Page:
The syringe barrel 10 is a portion of a conventional syringe. To this barrel is mounted the filter and capsule container as depicted. The distal cup end 20 is made of flexible plastic and the user grasps and manipulates said cup end to cause the outer ampule 22 and the inner ampule 26 to be broken. The fluid 24 (diluent) is shaken with the now exposed powder (medicament) 28 until the desired mix has been achieved. This resulting mixture is drawn through the filter material 16 into cup deflector 14 and through the hollow needle 12 and into the interior of the barrel 10 in the normal aspirating manner. The outer sheath 18 and all associated components are removed from the syringe barrel 10 and discarded. Unwanted air in the barrel of the syringe is removed in the usual manner.
The fluid ampule or capsule 22 is shown as made of thin plastic. This is a preferred construction as it allows the fluid to be initially packaged at room temperature. The capsule may be formed into any desired configuration and fluid may be flowed into this container through a small hole which is closed by other plastic material. The new plastics now available are sufficiently brittle to enable fracture to be achieved while retaining properties for the retention of fluids such as water or like diluents. The movement of the mixture is indicated by the arrows from the distal cup 20 through the filter material 16 thence into the open end of the cup deflector 14.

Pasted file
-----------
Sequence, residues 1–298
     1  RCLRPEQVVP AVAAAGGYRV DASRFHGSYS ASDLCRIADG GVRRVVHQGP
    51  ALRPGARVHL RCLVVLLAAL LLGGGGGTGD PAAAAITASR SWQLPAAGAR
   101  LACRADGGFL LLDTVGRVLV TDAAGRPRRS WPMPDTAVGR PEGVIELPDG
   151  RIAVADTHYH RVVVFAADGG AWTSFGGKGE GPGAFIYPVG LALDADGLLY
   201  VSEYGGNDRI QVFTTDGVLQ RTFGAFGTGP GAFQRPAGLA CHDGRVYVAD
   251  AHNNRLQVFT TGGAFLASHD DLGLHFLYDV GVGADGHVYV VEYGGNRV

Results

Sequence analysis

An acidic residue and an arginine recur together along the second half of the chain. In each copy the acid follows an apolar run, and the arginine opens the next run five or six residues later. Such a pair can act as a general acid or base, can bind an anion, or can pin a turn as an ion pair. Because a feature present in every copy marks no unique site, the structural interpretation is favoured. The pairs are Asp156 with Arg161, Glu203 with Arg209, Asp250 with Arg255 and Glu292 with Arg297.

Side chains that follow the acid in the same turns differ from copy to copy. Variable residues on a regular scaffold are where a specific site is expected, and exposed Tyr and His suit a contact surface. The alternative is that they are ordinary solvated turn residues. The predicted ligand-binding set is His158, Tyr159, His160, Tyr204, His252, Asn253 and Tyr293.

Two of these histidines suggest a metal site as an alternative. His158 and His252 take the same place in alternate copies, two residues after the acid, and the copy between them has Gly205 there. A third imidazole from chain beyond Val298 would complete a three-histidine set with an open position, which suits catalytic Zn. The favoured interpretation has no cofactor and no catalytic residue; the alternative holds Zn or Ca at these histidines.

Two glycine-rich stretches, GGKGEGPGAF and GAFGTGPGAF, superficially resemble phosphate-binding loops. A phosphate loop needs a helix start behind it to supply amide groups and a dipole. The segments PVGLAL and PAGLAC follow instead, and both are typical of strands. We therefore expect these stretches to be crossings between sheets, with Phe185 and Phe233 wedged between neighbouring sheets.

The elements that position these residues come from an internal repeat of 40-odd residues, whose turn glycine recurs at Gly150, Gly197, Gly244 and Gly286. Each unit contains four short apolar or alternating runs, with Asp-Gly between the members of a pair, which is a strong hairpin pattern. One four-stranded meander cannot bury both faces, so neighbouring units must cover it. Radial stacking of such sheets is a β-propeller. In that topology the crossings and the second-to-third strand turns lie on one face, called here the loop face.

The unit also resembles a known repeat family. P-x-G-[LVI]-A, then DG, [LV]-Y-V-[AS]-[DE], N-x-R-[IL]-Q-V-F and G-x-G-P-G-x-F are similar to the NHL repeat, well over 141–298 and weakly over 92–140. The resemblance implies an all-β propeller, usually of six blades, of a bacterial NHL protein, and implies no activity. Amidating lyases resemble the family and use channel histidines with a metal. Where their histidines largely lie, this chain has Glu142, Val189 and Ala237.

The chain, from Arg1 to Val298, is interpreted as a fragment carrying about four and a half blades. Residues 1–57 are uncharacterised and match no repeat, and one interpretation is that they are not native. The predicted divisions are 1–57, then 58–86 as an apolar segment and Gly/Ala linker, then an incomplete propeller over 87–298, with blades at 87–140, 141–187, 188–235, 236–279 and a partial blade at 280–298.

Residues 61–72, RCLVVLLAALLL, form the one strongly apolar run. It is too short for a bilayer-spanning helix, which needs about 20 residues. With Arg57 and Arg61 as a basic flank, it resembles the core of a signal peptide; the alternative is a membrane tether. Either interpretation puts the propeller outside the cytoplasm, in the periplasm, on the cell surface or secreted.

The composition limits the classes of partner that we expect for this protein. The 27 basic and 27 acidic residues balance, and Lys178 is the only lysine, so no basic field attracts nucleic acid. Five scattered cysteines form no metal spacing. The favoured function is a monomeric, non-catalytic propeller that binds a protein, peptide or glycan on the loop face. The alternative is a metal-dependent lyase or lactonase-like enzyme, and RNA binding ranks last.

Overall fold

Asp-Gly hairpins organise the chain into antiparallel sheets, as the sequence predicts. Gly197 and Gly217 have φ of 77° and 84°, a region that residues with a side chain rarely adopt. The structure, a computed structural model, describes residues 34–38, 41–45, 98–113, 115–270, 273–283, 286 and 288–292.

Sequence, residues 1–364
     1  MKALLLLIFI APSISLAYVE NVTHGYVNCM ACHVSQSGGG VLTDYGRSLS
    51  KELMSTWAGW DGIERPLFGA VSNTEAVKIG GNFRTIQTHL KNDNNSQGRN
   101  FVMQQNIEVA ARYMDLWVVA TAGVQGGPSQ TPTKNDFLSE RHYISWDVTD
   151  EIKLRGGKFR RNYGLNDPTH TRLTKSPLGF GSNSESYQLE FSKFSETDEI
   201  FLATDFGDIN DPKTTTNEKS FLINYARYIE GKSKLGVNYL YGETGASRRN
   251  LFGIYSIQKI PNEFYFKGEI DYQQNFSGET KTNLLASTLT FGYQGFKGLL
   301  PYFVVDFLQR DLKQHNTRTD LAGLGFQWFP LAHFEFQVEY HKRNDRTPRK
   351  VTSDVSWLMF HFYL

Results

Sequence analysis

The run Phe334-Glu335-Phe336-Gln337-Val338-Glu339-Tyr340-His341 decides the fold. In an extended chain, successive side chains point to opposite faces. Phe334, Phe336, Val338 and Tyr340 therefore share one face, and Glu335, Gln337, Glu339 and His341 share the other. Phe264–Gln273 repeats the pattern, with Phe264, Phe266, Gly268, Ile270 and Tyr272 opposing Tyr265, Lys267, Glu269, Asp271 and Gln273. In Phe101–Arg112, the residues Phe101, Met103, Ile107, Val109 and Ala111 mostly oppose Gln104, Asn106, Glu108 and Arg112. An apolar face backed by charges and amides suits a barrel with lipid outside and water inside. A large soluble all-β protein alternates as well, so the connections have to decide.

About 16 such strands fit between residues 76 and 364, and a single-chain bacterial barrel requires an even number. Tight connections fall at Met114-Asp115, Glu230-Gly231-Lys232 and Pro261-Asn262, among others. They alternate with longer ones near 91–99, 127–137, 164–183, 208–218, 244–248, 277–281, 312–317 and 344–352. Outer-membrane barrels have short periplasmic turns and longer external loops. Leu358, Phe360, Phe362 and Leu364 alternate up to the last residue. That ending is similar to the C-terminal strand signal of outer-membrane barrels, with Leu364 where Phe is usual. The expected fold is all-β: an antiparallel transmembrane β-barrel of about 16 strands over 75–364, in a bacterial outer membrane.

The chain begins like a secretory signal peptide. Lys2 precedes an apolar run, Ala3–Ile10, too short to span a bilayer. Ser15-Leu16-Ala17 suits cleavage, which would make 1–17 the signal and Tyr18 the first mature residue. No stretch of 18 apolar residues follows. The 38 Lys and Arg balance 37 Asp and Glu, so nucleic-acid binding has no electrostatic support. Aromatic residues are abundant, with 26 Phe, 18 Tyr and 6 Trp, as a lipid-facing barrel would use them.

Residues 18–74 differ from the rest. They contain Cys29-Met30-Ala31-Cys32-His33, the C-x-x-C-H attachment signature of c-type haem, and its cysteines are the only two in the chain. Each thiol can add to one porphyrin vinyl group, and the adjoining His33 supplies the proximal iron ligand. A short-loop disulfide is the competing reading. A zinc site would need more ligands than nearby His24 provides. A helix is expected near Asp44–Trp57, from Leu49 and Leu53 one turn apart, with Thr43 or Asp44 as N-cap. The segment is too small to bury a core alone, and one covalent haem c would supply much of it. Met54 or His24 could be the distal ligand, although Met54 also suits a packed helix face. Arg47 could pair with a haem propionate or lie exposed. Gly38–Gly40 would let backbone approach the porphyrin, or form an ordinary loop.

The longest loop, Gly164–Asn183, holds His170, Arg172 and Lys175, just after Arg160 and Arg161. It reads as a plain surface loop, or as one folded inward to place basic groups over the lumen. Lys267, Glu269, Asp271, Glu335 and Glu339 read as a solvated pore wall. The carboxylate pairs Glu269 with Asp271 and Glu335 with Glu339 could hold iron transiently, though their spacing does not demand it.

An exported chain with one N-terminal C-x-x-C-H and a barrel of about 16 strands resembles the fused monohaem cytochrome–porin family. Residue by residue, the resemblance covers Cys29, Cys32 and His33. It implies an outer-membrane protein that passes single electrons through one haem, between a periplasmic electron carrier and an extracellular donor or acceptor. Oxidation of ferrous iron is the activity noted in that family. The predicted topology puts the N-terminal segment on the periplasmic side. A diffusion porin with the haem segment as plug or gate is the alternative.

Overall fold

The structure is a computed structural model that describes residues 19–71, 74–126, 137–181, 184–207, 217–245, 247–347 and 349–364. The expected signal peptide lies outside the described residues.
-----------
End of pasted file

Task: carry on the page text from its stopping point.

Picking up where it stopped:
The apparatus shown in FIG. 2 is much like that of FIG. 1 above described but rather than a cup deflector 14 and ring-like filter 16 there is shown an alternate construction. To barrel 10 an outer sheath 40 is provided which is of an extent so that the tip end of secured needle 12 is not closed in any manner. This sheath 40 is formed with an inner positioning ring 42 which provides a stop for filter disks 44. These disks are a tight fit in this sheath. A wiper seal or ring 46 is provided on this sheath and extends outwardly and engages an inner diameter of distal cup member 48. This cup member, although made of flexible plastic, has an inwardly extending wiper seal or ring 50 which engages the outer diametrical surface of sheath 40. The fluid 24 is retained in ampule or capsule 22 and the powder is contained in the ampule 26 as in FIG. 1.